After loss in Rome, Murray looks to regroup for Paris

Maria Sharapova, or Russia, gets assistance during her second round match against Croatia's Mirjana Lucic-Baroni, at the Italian Open tennis tournament, in Rome, Italy, Tuesday, May 16, 2017. (Ettore Ferrari/ANSA via AP)
Andy Murray, of Britain, returns the ball to Fabio Fognini, of Italy, during the Italian Open tennis tournament, in Rome, Tuesday, May 16, 2017. (AP Photo/Andrew Medichini)
Fabio Fognini, of Italy, returns the ball to Andy Murray, of Britain, during the Italian Open tennis tournament, in Rome, Tuesday, May 16, 2017. (AP Photo/Andrew Medichini)
Maria Sharapova of Russia leaves the field of play after reporting an injury during her match against Mirjana Lucic-Baroni of Croatia, at the Italian Open tennis tournament, in Rome, Tuesday, May 16, 2017. Maria Sharapova has retired from her Italian Open match against Marjana Lucic-Baroni citing an apparent left thigh injury. Sharapova was leading 4-6, 6-3, 2-1 when she called it quits after Lucic-Baroni held serve. (AP Photo/Andrew Medichini)
Maria Sharapova of Russia relaxes during a pause of her match against Mirjana Lucic-Baroni of Croatia at the Italian Open tennis tournament, in Rome, Tuesday, May 16, 2017. (AP Photo/Andrew Medichini)
Maria Sharapova, of Russia, serves the ball to Mirjana Lucic-Baroni, of Croatia, during the Italian Open tennis tournament, in Rome, Tuesday, May 16, 2017. (AP Photo/Andrew Medichini)

ROME — Andy Murray is going to the French Open with his game in tatters.

Maria Sharapova isn't going at all.

The top-ranked Murray was eliminated by local favorite Fabio Fognini 6-2, 6-4 before a raucous crowd in his opening match at the Italian Open on Tuesday.

Sharapova, a three-time champion at the Foro Italico, retired from her second-round match with a left thigh injury hours after learning she would not be granted a wild card for Roland Garros due to her recent doping ban.

Sharapova was leading Mirjana Lucic-Baroni 4-6, 6-3, 2-1 when she called it quits.

Murray, meanwhile, has had a brief clay-court season, winning five matches (one by walkover), losing four, and failing to defend his Rome title.

"The last couple of weeks has definitely been a struggle and a long way from where I would like to be," Murray said.

The French Open starts in less than two weeks.

"I need to turn it around quick," Murray said

Italy's top player at No. 29, Fognini frustrated Murray with drop shots.

"Fabio did play some good drop shots, but I wasn't actually making a move or a step towards the ball," Murray said.

The unpredictable Fognini led 5-1 in the second set and nearly let Murray force a third set with a series of errors but finally closed it out when he served for the match for a second time.

Flavia Pennetta, Fognini's wife and the 2015 U.S. Open champion, is expecting the couple's first child any day.

"My tournament could end any moment so I've got to enjoy this for now," Fognini said.

Fans at the Foro Italico chanted for Fognini as if they were at a soccer match, and organizers blasted Neopolitan folk music over the stadium's loudspeaker after his win.

Sharapova had left the court for an injury timeout during the second game of her third set. She came back with her left thigh taped and managed to win a game despite serving softly, then walked to the net after Lucic-Baroni held serve.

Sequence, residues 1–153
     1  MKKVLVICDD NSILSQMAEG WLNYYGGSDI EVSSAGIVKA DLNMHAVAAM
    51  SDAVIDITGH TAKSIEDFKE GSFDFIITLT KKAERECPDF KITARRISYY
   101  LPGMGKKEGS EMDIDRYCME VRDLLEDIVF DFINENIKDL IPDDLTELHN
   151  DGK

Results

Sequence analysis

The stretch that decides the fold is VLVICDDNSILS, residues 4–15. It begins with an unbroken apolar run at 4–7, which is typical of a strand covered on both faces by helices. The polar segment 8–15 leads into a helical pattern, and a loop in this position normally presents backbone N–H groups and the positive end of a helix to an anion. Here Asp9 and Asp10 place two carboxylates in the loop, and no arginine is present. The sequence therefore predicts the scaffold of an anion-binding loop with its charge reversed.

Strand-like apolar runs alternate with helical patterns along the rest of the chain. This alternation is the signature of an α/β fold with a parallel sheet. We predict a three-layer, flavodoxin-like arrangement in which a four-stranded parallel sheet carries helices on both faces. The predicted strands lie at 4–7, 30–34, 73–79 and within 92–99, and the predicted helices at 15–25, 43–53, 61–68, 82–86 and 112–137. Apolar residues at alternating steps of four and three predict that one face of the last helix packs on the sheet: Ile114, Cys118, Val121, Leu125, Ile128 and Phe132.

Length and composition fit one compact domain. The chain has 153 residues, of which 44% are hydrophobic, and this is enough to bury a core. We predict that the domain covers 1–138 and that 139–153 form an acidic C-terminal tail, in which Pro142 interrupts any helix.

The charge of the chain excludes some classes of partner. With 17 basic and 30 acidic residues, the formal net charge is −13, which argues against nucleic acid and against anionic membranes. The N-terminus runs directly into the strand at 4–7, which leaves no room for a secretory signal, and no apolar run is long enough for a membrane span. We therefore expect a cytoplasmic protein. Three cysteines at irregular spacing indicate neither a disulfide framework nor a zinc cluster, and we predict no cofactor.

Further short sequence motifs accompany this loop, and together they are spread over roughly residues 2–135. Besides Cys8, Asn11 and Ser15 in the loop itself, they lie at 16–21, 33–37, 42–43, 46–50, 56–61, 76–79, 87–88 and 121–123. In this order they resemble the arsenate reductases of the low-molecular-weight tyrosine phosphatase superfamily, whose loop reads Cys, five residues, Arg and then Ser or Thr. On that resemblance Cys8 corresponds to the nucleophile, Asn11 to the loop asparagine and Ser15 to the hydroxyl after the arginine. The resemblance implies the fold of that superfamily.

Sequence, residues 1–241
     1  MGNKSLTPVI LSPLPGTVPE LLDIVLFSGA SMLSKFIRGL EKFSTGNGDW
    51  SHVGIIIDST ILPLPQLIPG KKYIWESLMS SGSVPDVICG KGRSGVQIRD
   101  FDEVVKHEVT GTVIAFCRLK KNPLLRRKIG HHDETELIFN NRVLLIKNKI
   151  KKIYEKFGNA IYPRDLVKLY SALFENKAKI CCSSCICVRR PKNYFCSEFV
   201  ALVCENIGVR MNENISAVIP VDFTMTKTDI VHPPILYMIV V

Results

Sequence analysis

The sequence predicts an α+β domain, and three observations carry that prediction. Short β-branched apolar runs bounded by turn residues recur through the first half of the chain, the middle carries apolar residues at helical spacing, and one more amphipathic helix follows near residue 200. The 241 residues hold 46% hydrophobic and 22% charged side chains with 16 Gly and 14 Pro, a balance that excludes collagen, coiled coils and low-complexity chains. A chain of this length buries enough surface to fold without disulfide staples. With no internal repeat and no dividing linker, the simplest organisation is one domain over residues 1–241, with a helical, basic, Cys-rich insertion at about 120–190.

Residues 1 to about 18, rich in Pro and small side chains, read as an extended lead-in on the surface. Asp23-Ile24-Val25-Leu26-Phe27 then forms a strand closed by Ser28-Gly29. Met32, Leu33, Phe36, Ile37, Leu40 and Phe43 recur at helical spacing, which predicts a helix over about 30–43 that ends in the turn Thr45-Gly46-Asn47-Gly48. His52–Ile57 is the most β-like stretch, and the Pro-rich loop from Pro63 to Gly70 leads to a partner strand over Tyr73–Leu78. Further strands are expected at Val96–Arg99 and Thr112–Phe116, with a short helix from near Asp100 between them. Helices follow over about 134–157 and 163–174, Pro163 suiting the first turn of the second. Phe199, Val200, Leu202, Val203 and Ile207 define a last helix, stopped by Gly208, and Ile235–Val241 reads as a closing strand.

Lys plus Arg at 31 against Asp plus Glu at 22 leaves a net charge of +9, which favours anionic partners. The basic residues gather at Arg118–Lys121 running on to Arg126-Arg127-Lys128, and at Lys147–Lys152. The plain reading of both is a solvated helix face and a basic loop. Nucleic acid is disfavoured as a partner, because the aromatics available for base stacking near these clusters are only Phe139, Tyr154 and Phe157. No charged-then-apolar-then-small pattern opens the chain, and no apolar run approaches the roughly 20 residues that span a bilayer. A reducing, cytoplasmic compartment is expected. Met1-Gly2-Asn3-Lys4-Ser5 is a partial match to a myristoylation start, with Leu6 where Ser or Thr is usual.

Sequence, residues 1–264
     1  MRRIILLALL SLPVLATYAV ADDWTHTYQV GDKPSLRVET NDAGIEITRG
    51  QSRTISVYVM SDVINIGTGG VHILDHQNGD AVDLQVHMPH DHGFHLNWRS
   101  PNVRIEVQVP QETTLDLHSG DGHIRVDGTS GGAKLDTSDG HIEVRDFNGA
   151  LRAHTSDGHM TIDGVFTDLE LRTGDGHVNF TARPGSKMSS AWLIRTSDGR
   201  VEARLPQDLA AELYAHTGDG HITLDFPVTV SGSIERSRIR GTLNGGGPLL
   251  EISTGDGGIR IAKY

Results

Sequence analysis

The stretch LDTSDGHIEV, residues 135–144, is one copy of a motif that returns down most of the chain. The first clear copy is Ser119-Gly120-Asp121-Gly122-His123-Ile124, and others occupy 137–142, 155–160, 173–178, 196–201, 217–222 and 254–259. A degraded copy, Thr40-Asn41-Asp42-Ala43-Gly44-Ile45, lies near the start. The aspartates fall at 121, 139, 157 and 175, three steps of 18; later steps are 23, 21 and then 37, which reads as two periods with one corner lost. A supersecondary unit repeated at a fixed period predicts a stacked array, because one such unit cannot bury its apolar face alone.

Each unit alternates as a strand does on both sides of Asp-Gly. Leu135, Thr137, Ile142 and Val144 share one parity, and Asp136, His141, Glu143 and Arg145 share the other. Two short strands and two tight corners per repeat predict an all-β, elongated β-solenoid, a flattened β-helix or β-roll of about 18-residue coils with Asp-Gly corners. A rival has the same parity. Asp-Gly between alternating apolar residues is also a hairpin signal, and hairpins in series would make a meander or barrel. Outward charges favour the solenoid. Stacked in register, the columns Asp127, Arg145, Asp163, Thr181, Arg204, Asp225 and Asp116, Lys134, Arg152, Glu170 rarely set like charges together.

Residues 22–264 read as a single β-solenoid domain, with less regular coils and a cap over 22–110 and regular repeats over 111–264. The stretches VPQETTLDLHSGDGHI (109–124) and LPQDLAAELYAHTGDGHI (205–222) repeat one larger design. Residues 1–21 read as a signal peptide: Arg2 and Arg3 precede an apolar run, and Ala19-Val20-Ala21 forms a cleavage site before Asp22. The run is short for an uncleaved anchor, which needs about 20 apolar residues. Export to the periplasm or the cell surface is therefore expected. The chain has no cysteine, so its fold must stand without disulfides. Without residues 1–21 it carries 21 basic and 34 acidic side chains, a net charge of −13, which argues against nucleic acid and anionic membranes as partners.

The retirement came 2 1/2 hours after French Tennis Federation president Bernard Giudicelli announced he would not invite Sharapova to Roland Garros because of her past doping ban.

"I apologize for having to withdraw from my match today with a left thigh injury. I will be getting all the necessary examinations to make sure it is not serious," Sharapova said in a statement. "I want to thank the tournament for giving me the opportunity to play in this special event again."

Sharapova returned last month following a 15-month ban for testing positive for the banned heart drug meldonium at last year's Australian Open.

The Russian has accepted wild cards to enter all three of her tournaments since her return.

"It is the correct decision," Lucic-Baroni said of the French Open decision. "Brave of them, because everybody is pressured. People want to see Maria."

"If you want to invest more money in doping tests then you can't reward a person who failed a doping test," Lucic-Baroni added, saying there should be a rule against wild cards for players returning from bans.

Earlier, four-time champion Novak Djokovic overcame a challenging first set to beat British qualifier Aljaz Bedene 7-6 (2), 6-2.

Bedene, who was born in Slovenia and obtained British citizenship two years ago, frustrated Djokovic for long stretches with his footspeed, keeping the ball in play and whipping surprising winners.

At the conclusion of a tight first set, Djokovic served three aces in the tiebreaker then laughed to himself in apparent astonishment.

Also, David Goffin rallied past Fernando Verdasco 3-6, 6-3, 6-2; Tomas Berdych notched his 600th career win by beating qualifier Carlos Berlocq 6-3, 6-4; Jack Sock defeated Diego Schwartzman 6-4, 1-6, 7-5; and Alexander Zverev outlasted Kevin Anderson 6-4, 4-6, 6-4.

Nick Kyrgios withdrew from the tournament with a hip injury.

In other women's action, last year's finalist, Madison Keys, was beaten by Australian qualifier Daria Gavrilova 2-6, 7-5, 7-5.

Keys is still struggling to regain her form after left wrist surgery in the offseason. She also had opening-round losses in her previous two tournaments in Charleston and Madrid.

The 33rd-ranked Gavrilova had to come through qualifying because she forgot to enter the main draw.

Also, fifth-seeded Johanna Konta defeated Yulia Putintseva 6-3, 6-0; Ekaterina Makarova eliminated Roberta Vinci 6-2, 6-1; and qualifier Catherine Bellis beat Misako Doi 6-4, 7-6 (6).

___

Andrew Dampf on Twitter: www.twitter.com/asdampf

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